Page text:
Tom Shadyac recently produced a documentary entitled I Am. He traveled the world asking a couple key questions: What’s wrong with the world? And how can it be fixed? Spoiler alert: his conclusion was that what is wrong with the world is us, humans. And responsibility for fixing it lies with, yes, us, humans.
There seems to be a consensus out there that business-as-usual and life-as-we-know-it needs to change. What I wonder is, can the premise change? If virtually everything needs improvement, perhaps it’s time to adjust the focus away from, “What’s wrong with it?” to, “What do we need here?”
Example number one: If meetings are not working, standing or sitting is not going to change that. Back up one step, forget about the meeting altogether, and ask, What’s my goal or objective? I have to plan a conference that involves twenty eight people from three states. Forget the knee-jerk “I’ll call a meeting” approach. Instead, challenge yourself to find other ways to communicate as needed, and as much as needed; no more, no less.
Example number two: Forget about raises and benefits. Tradition tells us that well paid people are happy employees. Yes, we all work for money. But take a look at the young employees of Face Book. Once that IPO gets off the ground, they are going to have more money than they have ever dreamed of. Will it keep them at Face Book? Are there other reasons people want to work there? No one stays anywhere forever anymore, so back out of the How do we keep them? question, and ask instead, How do we capitalize on this talent while we have him or her?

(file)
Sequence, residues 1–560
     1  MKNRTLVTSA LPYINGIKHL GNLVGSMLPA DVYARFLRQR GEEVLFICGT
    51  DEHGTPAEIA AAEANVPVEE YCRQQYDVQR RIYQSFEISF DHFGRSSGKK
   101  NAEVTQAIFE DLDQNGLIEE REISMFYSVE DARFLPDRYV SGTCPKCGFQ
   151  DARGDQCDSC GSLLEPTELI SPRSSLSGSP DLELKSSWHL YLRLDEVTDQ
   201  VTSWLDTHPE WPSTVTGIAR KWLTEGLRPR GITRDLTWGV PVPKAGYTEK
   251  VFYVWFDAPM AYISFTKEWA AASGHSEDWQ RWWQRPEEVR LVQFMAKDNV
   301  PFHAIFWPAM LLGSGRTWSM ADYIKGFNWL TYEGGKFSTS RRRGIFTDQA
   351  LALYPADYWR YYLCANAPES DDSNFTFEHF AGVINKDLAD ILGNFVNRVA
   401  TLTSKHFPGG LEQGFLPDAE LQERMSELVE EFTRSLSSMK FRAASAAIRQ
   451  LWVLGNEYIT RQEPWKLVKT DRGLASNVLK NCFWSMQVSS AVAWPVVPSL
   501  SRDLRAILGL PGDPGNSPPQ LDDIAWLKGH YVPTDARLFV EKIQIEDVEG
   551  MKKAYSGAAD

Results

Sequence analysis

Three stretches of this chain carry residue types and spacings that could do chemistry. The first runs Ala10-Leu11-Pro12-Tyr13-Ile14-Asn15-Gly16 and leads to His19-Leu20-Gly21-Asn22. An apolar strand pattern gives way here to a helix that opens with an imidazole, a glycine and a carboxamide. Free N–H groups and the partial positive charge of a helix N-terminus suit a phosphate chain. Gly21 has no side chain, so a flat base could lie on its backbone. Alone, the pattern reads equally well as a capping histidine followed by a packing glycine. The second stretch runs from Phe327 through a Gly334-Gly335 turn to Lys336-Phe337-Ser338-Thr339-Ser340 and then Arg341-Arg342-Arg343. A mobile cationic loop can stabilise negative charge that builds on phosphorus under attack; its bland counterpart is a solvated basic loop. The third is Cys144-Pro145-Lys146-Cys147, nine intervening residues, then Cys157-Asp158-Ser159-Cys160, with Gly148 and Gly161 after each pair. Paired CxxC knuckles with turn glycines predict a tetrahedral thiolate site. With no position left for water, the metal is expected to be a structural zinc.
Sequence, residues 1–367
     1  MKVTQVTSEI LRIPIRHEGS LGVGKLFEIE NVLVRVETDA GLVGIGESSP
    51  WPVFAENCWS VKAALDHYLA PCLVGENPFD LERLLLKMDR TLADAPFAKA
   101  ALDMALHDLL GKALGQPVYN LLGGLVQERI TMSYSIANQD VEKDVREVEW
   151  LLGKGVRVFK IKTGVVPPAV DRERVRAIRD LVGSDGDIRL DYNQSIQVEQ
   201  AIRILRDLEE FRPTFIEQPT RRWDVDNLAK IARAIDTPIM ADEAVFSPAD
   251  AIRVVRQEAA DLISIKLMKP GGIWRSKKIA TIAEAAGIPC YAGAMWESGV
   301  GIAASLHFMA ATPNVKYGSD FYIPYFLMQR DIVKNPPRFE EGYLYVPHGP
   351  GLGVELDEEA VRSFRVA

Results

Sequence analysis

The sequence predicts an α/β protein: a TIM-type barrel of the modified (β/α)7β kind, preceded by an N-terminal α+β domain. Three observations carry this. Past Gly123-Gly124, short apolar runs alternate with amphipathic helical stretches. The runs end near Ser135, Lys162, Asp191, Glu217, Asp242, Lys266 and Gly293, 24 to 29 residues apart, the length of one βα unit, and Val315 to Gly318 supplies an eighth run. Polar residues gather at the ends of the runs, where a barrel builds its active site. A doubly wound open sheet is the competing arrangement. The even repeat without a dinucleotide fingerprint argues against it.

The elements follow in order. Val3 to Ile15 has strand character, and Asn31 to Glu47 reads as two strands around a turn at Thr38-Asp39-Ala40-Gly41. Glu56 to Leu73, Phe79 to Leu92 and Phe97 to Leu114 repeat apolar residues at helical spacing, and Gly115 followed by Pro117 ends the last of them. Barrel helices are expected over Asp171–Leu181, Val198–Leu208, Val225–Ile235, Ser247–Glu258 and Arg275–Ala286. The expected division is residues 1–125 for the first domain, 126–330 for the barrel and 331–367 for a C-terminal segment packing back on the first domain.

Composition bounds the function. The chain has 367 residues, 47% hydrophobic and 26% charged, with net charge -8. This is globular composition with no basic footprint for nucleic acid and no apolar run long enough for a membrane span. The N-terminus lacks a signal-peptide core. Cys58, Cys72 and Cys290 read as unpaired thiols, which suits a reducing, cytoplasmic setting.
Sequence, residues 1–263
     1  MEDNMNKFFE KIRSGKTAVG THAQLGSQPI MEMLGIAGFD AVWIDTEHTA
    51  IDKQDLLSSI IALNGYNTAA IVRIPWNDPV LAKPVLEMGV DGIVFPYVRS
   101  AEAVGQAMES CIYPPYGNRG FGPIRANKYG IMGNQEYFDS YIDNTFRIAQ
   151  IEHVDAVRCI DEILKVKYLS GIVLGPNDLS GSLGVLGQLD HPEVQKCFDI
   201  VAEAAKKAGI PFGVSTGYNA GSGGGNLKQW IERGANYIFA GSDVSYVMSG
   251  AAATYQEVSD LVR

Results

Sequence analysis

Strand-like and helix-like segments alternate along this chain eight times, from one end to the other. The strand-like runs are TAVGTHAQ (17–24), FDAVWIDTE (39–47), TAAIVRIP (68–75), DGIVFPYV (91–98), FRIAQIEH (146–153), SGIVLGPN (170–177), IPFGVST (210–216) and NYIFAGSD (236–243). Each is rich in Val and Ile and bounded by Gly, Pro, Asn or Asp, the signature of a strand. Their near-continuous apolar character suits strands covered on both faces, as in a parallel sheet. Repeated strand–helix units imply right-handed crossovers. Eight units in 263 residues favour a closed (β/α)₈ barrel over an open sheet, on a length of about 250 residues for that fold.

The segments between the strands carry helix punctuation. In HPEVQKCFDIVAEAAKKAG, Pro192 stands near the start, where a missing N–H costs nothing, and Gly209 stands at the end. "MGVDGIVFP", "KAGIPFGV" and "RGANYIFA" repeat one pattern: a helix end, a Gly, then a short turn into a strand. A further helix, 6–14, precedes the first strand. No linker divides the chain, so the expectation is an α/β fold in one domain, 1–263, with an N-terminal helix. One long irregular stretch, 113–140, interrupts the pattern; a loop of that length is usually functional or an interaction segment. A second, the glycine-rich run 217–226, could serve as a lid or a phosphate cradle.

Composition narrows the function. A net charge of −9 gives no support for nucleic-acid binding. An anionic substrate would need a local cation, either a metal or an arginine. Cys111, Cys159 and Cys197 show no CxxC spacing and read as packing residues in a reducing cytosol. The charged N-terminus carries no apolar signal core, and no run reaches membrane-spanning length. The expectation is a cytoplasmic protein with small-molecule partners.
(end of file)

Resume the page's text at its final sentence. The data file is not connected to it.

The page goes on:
Are you with me? On a global basis, we have a lot of fixing to do. On a more local level, some of that repair will begin to happen when we blow up the old paradigms. We need to stop manipulating an old model or rethinking an old question. Back up one step and rethink your approach based on your current objectives. Taking that road less travelled can make a difference starting now.